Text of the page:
Objective: To determine the health status of patients with systemic lupus erythematosus (SLE) and to identify the associations of this domain.
Methods: One hundred ninety-five consecutively attending patients with SLE were studied at 2 centers. Health status was measured by 8 composite scales of the Medical Outcomes Study Short Form 36 (SF-36). The mean scores for each subscale of the SF-36 for patients with SLE were compared to those of a healthy population. The effect of patients' age, sex, ethnic origin, marital status, education level, disease duration, disease activity (assessed by the Systemic Lupus Activity Measure), end organ damage (assessed by the Systemic Lupus International Coordinating Clinics/American College of Rheumatology Damage Index), social support (using the Interpersonal Support Evaluation List), and patients' satisfaction with medical care (using the Patient Satisfaction Questionnaire) on each SF-36 subscale was determined. Student's unpaired t test and multiple regression analysis were applied for statistical analysis.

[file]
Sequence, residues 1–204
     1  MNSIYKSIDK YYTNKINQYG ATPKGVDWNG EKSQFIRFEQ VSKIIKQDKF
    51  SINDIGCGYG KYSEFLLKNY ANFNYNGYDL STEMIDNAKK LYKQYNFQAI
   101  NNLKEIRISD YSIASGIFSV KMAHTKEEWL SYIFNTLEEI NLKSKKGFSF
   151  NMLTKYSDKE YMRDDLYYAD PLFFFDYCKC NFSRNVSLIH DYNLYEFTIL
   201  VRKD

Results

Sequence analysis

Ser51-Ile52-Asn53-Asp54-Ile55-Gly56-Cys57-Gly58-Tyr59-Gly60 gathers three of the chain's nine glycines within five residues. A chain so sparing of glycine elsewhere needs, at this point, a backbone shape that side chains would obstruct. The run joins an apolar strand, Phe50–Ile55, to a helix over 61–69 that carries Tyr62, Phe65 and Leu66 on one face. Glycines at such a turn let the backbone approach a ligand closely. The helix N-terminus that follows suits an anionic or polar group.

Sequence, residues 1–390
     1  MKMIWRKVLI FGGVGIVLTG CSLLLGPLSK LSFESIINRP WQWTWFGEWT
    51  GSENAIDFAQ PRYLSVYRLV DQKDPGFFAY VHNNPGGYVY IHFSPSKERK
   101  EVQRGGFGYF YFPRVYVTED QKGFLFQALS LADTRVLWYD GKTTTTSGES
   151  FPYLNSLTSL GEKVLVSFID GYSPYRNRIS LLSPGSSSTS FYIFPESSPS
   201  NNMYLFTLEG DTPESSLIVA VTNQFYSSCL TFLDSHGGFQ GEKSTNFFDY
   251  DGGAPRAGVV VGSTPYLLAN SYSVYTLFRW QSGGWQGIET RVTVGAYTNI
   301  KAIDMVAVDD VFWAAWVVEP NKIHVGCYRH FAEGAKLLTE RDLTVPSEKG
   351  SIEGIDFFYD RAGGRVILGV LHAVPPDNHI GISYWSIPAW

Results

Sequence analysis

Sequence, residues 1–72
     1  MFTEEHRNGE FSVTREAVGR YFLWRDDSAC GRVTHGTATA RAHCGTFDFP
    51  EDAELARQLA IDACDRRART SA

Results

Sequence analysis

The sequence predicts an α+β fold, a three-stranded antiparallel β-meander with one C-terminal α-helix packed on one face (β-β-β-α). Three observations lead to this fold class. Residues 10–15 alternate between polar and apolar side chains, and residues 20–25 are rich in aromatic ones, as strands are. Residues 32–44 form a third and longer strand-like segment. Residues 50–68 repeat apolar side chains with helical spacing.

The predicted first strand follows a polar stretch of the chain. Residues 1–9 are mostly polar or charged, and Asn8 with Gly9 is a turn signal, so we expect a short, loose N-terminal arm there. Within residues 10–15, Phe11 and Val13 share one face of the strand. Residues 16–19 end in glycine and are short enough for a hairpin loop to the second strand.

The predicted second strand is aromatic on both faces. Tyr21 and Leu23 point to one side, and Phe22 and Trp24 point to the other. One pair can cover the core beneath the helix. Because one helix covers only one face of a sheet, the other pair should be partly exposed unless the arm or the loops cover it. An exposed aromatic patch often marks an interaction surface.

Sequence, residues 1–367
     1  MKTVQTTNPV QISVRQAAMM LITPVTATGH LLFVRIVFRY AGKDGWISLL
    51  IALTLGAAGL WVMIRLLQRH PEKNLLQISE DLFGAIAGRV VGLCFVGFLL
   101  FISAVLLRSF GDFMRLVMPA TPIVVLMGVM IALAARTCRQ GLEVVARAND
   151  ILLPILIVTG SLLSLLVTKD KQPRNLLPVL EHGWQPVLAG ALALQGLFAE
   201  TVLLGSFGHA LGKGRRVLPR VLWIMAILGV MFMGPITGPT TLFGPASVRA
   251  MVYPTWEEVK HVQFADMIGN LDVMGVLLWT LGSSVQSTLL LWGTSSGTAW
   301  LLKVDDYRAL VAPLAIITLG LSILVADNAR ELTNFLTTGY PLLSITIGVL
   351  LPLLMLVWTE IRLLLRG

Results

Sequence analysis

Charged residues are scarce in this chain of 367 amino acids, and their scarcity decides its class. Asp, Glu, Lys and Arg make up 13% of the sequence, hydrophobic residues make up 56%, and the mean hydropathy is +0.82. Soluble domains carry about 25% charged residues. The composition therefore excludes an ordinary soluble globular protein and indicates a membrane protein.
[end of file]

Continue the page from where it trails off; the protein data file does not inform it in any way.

Results: Patients with SLE had significantly lower scores in each subscale of the SF-36 compared to a control population. Higher disease activity was associated with worse physical function, role-physical, bodily pain, general health, vitality, and social function. Greater social support was associated with higher scores in physical function, bodily pain, general health, vitality, social function, role-emotional, and mental health. Increasing total end organ damage determined worse physical function and general health. Higher patient general satisfaction with care was associated with better general health.
Conclusion: The health status of patients with SLE may be improved by increasing patients' social support and satisfaction with health care, as well as controlling SLE disease activity and preventing organ damage.